When Dr Jasani rang to inform me of the test results, a couple of weeks later, I was almost fully expecting a “No” as I thought I wouldn’t be ill enough. However the good ole bone marrow, although not over-run with cancerous cells there was sufficient disease to make the trial. I agree to go ahead. I was rather surprised that it would start almost immediately. Mind you having my initial CLL diagnosis on one day and then starting Chemotherapy the next should have given me a similar expectation.

The few days prior to coming to Hampstead were spent organising and re-organising appointments, visits, medication – a lot when you’re getting on in years! All family and friends were really supportive. We came here full of anticipation (anxiety?) hope (wishful thinking?) and courage (divine assistance?).

From our arrival we were treated with great care and efficiency. I wish I’d paid more attention to how I was instructed in the use of the buttons and switches for the lights etc. Still I managed to catch up by 03:00 on Tuesday! A really skilful team fitted an 18″ PICC line and several times my “vitals” were checked and I was found to alive and (in a currently non-arthritic condition) kicking!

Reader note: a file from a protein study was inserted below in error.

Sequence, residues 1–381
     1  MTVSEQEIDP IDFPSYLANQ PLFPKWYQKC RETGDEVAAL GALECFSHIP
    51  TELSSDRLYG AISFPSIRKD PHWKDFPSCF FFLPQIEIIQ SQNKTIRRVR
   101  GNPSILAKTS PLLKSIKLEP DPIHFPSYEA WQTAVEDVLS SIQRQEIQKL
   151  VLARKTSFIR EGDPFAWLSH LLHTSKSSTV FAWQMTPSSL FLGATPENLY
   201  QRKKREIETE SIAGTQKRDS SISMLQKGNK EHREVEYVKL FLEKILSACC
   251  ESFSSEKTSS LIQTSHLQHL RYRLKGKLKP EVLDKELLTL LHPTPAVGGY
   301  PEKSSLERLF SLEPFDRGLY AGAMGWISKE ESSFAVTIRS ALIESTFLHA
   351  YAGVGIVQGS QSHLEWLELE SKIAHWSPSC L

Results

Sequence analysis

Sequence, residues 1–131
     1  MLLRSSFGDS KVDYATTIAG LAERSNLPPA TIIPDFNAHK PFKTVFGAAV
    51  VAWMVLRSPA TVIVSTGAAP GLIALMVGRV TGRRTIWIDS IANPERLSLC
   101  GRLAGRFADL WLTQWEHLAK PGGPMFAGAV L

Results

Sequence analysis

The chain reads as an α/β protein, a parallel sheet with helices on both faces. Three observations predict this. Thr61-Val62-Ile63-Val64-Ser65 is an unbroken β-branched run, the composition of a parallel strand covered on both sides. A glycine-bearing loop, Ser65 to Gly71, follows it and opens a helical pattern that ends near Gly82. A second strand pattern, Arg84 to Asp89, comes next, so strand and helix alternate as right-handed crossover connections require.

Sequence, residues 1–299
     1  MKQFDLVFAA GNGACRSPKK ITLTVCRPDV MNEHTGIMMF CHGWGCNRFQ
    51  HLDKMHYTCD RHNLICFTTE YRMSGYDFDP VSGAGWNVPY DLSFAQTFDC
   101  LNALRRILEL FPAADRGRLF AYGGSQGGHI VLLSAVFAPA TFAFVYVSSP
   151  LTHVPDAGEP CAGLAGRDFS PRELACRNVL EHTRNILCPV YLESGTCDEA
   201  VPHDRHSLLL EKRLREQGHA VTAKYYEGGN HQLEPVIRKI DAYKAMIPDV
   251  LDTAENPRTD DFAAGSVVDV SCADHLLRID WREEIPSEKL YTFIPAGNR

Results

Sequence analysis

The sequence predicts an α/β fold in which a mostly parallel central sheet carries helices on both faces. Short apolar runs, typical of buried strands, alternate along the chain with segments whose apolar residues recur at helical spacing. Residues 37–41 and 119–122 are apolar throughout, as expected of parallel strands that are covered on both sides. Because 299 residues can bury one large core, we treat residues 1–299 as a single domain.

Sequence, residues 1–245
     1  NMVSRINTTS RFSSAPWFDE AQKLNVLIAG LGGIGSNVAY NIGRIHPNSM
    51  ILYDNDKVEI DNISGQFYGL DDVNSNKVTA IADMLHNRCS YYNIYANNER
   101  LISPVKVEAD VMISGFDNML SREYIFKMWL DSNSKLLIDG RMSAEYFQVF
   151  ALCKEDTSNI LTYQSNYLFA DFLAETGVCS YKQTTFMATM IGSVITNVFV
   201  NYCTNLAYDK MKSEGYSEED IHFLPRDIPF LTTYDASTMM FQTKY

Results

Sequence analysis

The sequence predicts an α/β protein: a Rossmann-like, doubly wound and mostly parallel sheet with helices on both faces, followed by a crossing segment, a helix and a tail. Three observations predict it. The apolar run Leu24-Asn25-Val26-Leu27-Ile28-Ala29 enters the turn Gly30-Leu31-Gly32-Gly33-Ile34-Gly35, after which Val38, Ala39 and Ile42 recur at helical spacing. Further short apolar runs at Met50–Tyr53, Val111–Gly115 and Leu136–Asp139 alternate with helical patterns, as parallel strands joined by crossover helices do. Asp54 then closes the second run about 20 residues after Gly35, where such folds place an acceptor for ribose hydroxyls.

What on earth?
Cognitive impairment test

I have to mention the catering. You’d expect that from someone with twenty five years of large scale catering management; including a couple of spells in NHS hospital management. Ha ha, those were the days when there were whole Administration empires, Hospital, District, Area and Regional Catering or Supplies Management teams, boy the NHS is a lean, mean admin machine nowadays! The staff at the sharp end have to do it all. Also it’s a system in transition – the old paperwork giving way to all digital. Wow, some clever, hard-working folk there.

Chicken Supreme
Chicken Supreme and Paul Whitewick entertaining me during lunch – check out his Youtube.

Paul & Rebecca Whitewick’s Youtube Channel: –

To my chagrin I was the manager who removed the excellent and homely Ward Waitress service in Hereford General Hospital and replaced it with a Plated Meal delivery system – all in the name of financial economies – it was never quite the same! I digress!

Who's in the frame
Who’s in the frame?